The SWRLJessTab is a plug-in to the SWRLTab in Protege-OWL that supports the execution of SWRL rules using the Jess rule engine.    (830)

Installation    (6RJ)

The SWRLJessTab is part of Protege-OWL and does not need to be downloaded separately. It has been available since version 3.2 beta, build 322 of Protege. However, the most recent beta build should be used when possible.    (6W6)

The Jess rule engine is not open source so must be downloaded separately. This engine is contained in a Java JAR called jess.jar, which is contained in the standard Jess distribution. This distribution can be obtained here. This JAR must be copied to the Protege-OWL plugins subdirectory in the Protege installation directory (i.e., the ./plugins/edu.stanford.smi.protegex.owl/ subdirectory of the Protege installation directory). Protege-OWL will automatically load this JAR file on startup if it is present in its plugins directory. If this JAR file is not present, the SWRLJessTab will display an error when it is activated. The 7.0 release version or later of Jess is required.    (8XM)

Activation    (6QN)

When the SWRLTab is activated, the SWRL Editor will display a list of icons for plugins that have registered themselves with the SWRLTab. These icons will be displayed on the top right of the SWRL rules table. The Jess tab is activated by pressing the "J" icon.    (6QO)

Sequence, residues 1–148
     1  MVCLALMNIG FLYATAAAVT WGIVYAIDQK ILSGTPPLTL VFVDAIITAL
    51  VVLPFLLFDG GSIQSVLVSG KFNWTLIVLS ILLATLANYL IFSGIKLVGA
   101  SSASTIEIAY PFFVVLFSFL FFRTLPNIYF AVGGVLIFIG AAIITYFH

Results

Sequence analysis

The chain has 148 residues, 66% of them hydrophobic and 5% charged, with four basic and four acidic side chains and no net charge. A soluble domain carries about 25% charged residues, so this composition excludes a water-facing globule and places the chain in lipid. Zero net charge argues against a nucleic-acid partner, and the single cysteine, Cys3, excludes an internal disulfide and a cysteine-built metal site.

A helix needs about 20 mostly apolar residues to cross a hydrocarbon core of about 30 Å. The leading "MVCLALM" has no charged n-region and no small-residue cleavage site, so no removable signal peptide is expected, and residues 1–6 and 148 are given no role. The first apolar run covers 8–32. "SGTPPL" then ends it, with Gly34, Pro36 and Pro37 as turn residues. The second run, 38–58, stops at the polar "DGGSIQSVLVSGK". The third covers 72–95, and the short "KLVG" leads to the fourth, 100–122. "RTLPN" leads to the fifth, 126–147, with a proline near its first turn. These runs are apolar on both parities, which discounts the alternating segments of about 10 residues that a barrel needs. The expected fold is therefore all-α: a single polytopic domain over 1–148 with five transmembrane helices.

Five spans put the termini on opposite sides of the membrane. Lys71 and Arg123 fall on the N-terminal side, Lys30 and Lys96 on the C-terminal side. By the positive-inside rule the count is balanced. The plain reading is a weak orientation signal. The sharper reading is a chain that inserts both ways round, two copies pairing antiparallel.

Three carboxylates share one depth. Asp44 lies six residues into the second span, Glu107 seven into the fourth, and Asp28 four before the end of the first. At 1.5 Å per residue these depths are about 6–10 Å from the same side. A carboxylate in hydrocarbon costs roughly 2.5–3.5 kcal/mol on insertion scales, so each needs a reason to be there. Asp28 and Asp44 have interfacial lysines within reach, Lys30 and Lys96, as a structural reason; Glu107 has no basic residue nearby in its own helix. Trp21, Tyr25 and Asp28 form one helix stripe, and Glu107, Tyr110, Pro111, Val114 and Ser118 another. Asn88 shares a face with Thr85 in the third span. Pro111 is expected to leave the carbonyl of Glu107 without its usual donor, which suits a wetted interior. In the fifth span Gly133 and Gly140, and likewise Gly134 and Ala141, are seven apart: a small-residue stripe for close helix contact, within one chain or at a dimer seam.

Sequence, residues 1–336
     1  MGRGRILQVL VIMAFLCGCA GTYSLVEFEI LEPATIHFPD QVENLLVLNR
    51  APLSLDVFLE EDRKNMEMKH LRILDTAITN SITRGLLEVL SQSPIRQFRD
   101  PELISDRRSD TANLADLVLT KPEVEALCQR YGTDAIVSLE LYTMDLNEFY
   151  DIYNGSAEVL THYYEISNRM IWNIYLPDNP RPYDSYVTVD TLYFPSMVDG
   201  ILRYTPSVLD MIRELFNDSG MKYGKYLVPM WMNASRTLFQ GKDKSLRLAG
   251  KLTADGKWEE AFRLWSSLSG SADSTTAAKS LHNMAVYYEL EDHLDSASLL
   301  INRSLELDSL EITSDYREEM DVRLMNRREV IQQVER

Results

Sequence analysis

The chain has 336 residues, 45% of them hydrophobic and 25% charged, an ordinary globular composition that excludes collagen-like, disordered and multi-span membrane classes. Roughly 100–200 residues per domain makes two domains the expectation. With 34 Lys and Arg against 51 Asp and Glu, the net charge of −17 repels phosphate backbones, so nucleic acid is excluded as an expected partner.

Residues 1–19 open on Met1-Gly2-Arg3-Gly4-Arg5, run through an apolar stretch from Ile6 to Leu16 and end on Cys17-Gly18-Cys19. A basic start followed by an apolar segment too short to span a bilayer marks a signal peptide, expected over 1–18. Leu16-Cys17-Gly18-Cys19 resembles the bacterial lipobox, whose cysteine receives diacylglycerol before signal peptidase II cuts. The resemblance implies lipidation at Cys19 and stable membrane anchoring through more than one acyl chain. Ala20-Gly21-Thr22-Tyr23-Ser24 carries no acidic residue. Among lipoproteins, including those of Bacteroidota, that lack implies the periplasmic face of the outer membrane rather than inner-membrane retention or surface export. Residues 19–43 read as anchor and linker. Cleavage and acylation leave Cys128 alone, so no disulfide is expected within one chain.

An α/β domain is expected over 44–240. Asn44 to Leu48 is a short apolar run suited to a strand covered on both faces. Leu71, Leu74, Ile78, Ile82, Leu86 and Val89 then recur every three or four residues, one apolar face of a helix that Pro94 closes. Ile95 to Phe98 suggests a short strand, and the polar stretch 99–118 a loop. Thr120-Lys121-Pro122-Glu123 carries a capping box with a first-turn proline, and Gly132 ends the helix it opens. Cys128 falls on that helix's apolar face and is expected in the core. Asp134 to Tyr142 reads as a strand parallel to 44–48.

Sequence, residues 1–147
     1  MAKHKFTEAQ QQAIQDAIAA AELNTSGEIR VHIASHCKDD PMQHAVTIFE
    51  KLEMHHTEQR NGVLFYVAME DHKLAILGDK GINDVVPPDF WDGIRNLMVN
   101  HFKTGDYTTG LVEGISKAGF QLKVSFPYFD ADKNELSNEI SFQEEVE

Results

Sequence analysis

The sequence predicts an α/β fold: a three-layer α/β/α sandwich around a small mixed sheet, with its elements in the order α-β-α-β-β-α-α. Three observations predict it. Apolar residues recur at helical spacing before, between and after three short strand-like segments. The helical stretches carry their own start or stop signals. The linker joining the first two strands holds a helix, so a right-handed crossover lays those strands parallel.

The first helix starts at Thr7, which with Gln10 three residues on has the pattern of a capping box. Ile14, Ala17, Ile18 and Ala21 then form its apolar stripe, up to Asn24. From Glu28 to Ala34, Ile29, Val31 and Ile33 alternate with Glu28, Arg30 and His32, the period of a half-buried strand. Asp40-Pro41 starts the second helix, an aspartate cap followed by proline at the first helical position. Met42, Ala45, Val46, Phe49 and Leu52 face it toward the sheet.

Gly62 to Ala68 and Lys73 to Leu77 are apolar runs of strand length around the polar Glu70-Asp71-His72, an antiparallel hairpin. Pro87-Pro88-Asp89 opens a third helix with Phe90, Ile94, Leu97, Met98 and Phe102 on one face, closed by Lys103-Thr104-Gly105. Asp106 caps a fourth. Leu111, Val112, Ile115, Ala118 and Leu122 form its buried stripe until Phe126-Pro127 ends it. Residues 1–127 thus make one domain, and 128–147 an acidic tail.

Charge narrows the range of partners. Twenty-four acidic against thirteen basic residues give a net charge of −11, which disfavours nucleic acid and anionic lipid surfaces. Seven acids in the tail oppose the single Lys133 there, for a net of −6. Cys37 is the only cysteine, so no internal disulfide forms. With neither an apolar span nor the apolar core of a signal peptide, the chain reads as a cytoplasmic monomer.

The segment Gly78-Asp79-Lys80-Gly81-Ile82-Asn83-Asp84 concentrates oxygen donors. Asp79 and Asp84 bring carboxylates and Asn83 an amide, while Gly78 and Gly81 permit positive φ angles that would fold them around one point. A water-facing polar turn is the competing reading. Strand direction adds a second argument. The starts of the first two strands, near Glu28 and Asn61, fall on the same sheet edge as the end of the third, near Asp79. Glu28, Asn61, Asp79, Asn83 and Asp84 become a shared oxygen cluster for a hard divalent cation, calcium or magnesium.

When it is pressed, the SWRLJessTab will be displayed within the SWRLTab in a window under the SWRL Editor.    (7GD)

http://protege.cim3.net/file/pub/images/SWRL/SWRLJessScreenshot.png    (7GE)

If the tab successfully loads the Jess rule engine, it will display a series of tabbed sub windows that can be used to interact with Jess. If it fails, an error message will be displayed indicating that the Jess rule engine was not found. The installation instructions above describe how to install the Jess rule engine so that the SWRLJessTab can find it.    (6QP)

Pressing the "J" icon again will hide the tab and deactivate the Jess rule engine. Note that when the tab is deactivated, the associated rule engine is deactivated too so all state that it may hold will be lost.    (6RC)

Interacting with the SWRLJessTab    (6RD)

The interaction between OWL and the Jess rule engine is user-driven. The user controls when OWL knowledge and SWRL rules are transferred to Jess, when inference is performed using those knowledge and rules, and when the resulting Jess facts are transferred back to Protégé-OWL as OWL knowledge. The paper "Supporting Rule System Interoperability on the Semantic Web with SWRL" gives a high-level overview of this process and describes how SWRL rules and OWL knowledge are represented in Jess.    (6QQ)